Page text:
Jeane, which will be convenient ft
me a- long a- I remain v our father -
guest, i can ride over after break
fast every morning, you see.
•She is an intimate friend, then?"
said Becky.
'I expect to marry her before long.'
he replied.
•Marry her! Why, you—you pro
posed to me this morning."
•Yes. but you refused me. I told
you then vou would never have an
other chance.'
Becky was silent again. It is a
matter of some doubt whether had
Fred at that m< ment. -itting astride
that cottonwood log. with his feet in
the water and hi- arm- around her
waist, propose-1 to la-r the second
time. - lie would have accepted him
or not. To be sure a marvelous
change had come over Becky's feel
ings since her tumble into the river.
She felt ju-t tlnn that one strong
arm like that which supported her.
wa- worth a thou-and decrepid
planters; and she recognized the fact
that a man who could talk so coolly
and unconcernedly in a situation of
such extreme peril was one of no or
dinary courage. But she was not
}et quite prepared to give up her
golden dreams. The dross was not
quite w ashed out of her soul and
she did not yet know how much she
loved Fred Eckerson. Besides, she
did not half believe him.
Their clumsy vessel floated on, 1
now root first, sidewavs, and now
half submerged by a boiling current.
1 tieir precarious hold became more
uncertain as their frames became [
chilled by the cold water, and everv
] hinge of the log threatened to ea-t
them once more into the river. In ;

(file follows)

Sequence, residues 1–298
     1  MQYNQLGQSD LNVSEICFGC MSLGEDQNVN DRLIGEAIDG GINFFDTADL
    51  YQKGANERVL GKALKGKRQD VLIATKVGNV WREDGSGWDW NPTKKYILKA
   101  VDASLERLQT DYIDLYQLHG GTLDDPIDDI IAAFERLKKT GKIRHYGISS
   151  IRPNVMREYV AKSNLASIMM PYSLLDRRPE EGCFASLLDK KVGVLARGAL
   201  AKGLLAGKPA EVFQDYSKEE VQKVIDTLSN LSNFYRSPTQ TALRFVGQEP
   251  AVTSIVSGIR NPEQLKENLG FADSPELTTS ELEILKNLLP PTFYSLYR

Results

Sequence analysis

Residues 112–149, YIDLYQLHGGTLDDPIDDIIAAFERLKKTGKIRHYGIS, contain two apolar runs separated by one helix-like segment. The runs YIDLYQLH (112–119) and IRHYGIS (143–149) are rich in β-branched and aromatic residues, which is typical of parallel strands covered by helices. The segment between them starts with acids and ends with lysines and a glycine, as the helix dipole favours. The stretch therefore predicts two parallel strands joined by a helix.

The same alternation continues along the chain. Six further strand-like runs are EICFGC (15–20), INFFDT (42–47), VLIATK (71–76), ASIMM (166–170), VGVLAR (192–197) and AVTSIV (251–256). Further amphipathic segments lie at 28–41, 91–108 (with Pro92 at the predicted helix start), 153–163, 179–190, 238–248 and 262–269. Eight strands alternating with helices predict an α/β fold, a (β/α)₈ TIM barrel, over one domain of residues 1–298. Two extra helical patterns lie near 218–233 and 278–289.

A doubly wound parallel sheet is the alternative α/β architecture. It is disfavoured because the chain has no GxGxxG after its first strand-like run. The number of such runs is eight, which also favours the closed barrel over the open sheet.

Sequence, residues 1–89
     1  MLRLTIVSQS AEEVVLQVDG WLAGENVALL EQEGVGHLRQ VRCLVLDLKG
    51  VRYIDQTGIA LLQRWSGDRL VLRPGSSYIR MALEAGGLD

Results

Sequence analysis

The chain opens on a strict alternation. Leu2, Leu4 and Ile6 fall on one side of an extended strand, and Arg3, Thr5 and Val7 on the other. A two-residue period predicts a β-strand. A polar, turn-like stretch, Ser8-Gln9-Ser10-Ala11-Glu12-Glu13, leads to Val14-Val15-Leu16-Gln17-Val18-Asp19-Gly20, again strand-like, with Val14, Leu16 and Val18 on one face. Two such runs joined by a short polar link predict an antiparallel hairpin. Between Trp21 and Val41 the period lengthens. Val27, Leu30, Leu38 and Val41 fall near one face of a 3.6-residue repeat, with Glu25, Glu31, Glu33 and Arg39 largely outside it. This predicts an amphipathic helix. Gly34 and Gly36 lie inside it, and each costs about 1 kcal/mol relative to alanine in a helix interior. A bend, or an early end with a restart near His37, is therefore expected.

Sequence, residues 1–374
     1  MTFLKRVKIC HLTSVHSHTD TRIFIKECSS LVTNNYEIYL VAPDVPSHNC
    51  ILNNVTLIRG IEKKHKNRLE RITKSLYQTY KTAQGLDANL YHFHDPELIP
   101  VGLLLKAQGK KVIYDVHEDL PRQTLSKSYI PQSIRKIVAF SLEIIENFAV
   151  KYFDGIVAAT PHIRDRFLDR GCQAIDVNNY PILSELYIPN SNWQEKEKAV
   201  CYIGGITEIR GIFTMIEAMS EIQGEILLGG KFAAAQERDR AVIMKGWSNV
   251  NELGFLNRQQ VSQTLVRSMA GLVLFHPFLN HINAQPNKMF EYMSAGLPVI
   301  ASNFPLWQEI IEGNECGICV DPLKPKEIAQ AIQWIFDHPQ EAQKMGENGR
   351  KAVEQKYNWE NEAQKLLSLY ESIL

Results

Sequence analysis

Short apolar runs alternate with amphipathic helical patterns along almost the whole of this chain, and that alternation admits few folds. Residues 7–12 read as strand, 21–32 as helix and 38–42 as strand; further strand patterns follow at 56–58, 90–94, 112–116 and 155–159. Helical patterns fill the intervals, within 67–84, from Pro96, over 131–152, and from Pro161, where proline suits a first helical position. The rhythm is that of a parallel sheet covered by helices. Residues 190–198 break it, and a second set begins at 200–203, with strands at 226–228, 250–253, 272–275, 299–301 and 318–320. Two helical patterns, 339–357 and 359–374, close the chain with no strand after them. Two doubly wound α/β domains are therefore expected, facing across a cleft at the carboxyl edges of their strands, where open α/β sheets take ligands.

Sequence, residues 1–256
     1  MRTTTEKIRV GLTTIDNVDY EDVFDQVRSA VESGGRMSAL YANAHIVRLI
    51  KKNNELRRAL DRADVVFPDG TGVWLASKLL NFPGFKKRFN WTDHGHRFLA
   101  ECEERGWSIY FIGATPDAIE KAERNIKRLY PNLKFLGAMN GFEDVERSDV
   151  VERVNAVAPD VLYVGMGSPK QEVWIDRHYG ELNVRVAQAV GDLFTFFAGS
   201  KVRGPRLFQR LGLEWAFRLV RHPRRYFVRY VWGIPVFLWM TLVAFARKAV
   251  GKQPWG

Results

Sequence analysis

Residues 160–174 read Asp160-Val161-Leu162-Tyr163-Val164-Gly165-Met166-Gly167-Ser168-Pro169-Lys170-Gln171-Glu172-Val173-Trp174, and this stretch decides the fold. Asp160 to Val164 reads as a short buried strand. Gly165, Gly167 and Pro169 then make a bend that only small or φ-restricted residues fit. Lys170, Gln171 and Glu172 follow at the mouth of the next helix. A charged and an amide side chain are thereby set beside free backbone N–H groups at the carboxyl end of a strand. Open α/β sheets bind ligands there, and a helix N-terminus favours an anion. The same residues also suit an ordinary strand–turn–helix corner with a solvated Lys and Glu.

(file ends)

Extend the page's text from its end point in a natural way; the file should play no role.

vain Fred endeavored t-o attract the
attention of some one on shore. The
I cottonwood retained a course nearlv
in the middle of the stream, too far
from either bank to make their out- i
cries of much avail. As it grew dark
their situation seemed more and
more helpless, and to Bi ky there j
appeared to lie no escape from cer
tain death, either by drowning in the
darkness or by exhaustion before
Yet to die in this man's arms.
seemed not wholly a terror. She
could hardly think if death must
come, of any way in which she would
rather meet it. Was it possible she 1
loved him, an 1 needs be brought
within the valley of the shadow be
fore she could know her heart? Had
-he loved him all along? While she
wa- thinking about it. chilled by the
exposure and night air. she fell
a-K-ep. When she awoke the star
wore out, but she was warm and
c-'infi i table. Rai-ing her head she
found herself envelope 1 in Fred's
>u have robbed yourself to keep
me warm. You are freezing."'
••No. 1 a! : J took it off because
it was -> ; wful hot:' and taking out
hi- hauilkerc'i' f with his di-eng iged
baud, he- maii.*} tvtensi of i .'ping the
*ll<' long have 1 been asleepV
■AI nit tiiiv'.- h >ar-. We are drift
ing in -iiore now.'
•Shall we be saved?'
•I don't kn w\ Put your arm
around my nt k. for 1 am going tc
take mine away.'
IK ckv did this time as she was
Lid. She not onl\ ;h'ew her arms
quickly around his neck, but -he
laid her head upon his breast with
out the slighte-t IK-siuition. In the
darkness, Fivd oil not know that
she imprinted a kiss upon his shirt
•Hold fast now,' he cried. 'Hold
on for dear life.'
The log had been gradually near
ing the shore for -ume time and now
it shot suddenly under a large syca
more which overhung its banks and
trailed its branches in the brown
flood. Quick as thought Fred seized
the limb overhead and pulled with
all his might.
The headlong course of the cotton
wood was cheek- 1; it plunged beavi
Iv and ] artiy turned over, it- tot be
came entangled in the sycamore and
a terirtlc crackling of limbs ensued.
With a sudden spring Fred gained
the protecting branch,dragging lb
clinging burden after him. In anoth
er instant the cottonwood had broken
awa\ and continued its voyage down
the river while the bent sycamore re
gained its -hapv with such a quick re
bound that the two traveler- were
nearly precipitated into the stream
again. Fred halt" supporting, half
dragging Becky worked his way to
the trunk by a series of gymnastics
that would have doue no discredit to
Blondin, and in a moment more both
had reached the ground in safety.
•That's a business we are well out
of,' he said, when be had regained